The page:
Amherst, MA According to Finegold Alexander Architects, The Old Chapel at the University of Massachusetts, Amherst has been recognized by the Massachusetts Historical Commission with a 2017 Historic Preservation Award. The building’s two-year, $21 million renovation transformed the shuttered Chapel into a vibrant student and event center. Finegold Alexander Architects served as the architect for the project. Secretary William Galvin presided over an awards ceremony on November 2, 2017.
The project was championed by chancellor Kumble Subbaswamy with support from the UMass Amherst administration, University of Massachusetts Building Authority, and Preserve UMass, and the Massachusetts Historic Commission. “The preservation of UMass Amherst’s Old Chapel guarantees the campus centerpiece for future generations,” Secretary Galvin said.
“The project is representative of the evolving role of preservation on college campuses across the country,” said Regan Shields Ives, principal, Finegold Alexander Architects. “We were able to preserve the beauty of the building while at the same time transform the underutilized campus icon to a dynamic campus center used by the entire University of Massachusetts Amherst community.”
The Old Chapel building at the University of Massachusetts Amherst campus is the university’s most iconic building and a lasting reminder of its early history as the Massachusetts Agricultural College. Originally designed by prominent Worcester architect Stephen Carpenter Earle and completed in 1885, it is a richly detailed Richardsonian Romanesque-style building. Two and a half stories in height, with a square footprint, the building features a four-story bell tower, cross- gable roof, round-arched window and door openings, rough-cut gray Pelham granite blocks, and red-brown Longmeadow sandstone trim.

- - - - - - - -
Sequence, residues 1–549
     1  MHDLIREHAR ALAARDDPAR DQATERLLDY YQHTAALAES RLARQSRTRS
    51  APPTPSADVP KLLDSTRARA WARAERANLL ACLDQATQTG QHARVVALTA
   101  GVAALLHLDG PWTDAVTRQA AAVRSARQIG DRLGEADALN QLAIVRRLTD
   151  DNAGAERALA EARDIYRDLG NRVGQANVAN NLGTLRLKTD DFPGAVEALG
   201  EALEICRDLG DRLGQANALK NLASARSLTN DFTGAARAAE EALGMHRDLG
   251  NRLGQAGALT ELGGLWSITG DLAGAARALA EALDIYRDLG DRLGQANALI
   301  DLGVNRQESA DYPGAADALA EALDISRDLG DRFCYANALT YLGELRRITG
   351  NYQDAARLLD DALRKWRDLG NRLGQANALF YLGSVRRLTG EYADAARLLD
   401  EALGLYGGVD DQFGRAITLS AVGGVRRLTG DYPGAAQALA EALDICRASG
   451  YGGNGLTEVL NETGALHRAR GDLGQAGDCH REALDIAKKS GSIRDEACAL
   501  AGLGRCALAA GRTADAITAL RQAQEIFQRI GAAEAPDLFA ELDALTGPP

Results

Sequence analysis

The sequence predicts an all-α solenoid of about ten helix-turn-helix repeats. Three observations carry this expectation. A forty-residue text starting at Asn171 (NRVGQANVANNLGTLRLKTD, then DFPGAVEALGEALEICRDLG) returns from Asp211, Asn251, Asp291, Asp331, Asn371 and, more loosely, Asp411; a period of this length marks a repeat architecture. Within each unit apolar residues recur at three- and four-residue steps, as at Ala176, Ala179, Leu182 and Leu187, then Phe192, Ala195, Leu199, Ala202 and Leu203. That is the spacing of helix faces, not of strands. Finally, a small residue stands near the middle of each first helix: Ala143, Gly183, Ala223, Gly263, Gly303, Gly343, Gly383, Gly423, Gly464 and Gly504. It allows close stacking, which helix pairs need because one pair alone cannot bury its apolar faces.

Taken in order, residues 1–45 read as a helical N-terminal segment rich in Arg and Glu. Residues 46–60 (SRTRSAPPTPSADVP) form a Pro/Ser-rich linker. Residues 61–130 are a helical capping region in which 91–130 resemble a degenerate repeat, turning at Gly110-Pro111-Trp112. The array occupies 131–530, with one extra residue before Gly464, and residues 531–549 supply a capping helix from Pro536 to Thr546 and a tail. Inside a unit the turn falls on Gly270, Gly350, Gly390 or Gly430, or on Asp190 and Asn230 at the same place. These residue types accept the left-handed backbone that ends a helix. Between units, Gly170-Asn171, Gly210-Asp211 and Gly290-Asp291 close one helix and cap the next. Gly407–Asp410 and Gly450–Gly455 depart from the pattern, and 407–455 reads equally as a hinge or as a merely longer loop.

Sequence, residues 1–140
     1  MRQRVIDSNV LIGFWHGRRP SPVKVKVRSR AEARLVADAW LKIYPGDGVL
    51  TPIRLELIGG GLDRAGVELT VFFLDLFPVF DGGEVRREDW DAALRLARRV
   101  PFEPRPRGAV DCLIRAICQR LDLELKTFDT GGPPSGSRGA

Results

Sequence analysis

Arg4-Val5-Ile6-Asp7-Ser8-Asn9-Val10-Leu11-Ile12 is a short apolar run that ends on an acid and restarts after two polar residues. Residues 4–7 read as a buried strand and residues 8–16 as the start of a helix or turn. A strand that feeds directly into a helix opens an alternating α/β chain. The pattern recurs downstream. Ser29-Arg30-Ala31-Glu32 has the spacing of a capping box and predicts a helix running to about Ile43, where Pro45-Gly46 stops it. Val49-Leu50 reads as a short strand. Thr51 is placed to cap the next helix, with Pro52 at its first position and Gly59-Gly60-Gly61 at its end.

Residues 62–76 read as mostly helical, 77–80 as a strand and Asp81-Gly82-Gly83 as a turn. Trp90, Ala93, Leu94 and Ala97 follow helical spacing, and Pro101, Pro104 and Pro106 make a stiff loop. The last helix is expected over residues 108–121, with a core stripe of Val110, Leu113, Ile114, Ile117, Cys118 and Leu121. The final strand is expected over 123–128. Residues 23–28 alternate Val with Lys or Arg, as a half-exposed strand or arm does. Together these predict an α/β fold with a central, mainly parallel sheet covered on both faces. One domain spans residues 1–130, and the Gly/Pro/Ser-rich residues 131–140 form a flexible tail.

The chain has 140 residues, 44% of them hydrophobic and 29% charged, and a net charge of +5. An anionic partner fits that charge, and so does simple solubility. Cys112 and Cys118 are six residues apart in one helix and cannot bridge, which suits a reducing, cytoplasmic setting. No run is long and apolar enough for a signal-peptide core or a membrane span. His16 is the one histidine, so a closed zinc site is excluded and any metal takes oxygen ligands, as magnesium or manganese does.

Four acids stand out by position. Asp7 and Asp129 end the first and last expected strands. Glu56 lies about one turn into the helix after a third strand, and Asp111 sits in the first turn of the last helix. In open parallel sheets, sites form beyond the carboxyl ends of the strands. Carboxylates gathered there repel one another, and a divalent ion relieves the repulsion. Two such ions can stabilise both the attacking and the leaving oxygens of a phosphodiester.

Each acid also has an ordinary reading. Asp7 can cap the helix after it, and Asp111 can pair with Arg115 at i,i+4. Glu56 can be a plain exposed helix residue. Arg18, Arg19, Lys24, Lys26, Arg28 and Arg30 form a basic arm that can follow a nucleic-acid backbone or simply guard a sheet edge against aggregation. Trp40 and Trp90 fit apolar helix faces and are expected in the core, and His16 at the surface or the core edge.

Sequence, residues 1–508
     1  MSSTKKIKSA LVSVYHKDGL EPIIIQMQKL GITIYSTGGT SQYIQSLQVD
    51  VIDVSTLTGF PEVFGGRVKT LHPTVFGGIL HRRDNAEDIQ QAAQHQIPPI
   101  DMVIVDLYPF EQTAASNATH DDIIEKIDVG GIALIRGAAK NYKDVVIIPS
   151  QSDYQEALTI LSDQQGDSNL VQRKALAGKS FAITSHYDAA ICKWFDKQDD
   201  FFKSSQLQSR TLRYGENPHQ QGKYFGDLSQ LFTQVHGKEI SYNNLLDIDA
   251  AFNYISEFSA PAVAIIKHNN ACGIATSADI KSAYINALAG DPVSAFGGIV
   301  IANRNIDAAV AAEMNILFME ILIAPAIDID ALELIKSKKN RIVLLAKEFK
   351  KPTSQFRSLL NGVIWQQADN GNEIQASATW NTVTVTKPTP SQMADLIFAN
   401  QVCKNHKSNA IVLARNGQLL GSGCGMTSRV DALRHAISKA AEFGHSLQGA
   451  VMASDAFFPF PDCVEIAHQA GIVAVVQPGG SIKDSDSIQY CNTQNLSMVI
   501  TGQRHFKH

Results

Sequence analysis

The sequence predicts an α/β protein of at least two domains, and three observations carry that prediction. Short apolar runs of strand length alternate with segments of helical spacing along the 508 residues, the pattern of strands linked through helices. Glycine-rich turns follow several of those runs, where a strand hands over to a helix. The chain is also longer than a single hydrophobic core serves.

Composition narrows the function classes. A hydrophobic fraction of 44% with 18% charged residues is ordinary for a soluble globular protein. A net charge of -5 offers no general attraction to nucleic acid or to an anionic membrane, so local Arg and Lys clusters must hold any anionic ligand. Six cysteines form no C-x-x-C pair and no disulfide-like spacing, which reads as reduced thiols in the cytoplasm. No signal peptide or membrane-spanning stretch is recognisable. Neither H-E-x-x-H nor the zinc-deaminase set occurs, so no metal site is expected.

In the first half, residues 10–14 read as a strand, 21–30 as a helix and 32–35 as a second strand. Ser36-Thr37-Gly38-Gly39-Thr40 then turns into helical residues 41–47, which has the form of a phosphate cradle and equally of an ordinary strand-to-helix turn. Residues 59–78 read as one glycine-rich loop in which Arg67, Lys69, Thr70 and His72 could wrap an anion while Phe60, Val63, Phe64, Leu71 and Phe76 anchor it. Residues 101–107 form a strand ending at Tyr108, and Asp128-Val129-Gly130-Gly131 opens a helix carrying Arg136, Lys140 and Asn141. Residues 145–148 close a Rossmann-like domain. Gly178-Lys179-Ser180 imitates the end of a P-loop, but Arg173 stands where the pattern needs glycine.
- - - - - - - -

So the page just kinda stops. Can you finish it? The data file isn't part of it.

The Old Chapel was originally conceived as a multipurpose building, with a chapel for assemblies with a library and reading room. The chapel quickly became the pride of the campus. By 1936, the ever-increasing number of students enrolled, combined with the opening of the Goodell Library, led to the renovation of the first-floor library into additional classrooms, seminar rooms, and a lecture hall. The Old Chapel served as a classroom building for the next 60 years, as well as the home of the Minuteman Marching Band in the 1960s, but it was closed in 1996 due to the deterioration of the tower as well as code and access deficiencies. Although not in use for almost 20 years, the Old Chapel’s location at the heart of the campus meant that it was passed by most students each day, and continued to be a symbolic centerpiece of the university.
In 2014, a committee began the process of evaluating the building for both restoration and rehabilitation. Its goal was to find a design solution that met accessibility and code requirements while still keeping the building’s historic integrity. The solution devised by Finegold Alexander Architects, known as the “The Pavilion,” creates an integrated, landscaped terrace with accessible ramps and a glass entry pavilion on the south elevation. “The Pavilion” also balances the addition of contemporary systems without disturbing the historic fabric. Creative interventions such as lowering the basement floor, adding an underground mechanical vault, and a strategic elevator insertion further solved code, access, and building performance goals while preserving the distinctive features of the building. The building is LEED Gold certified.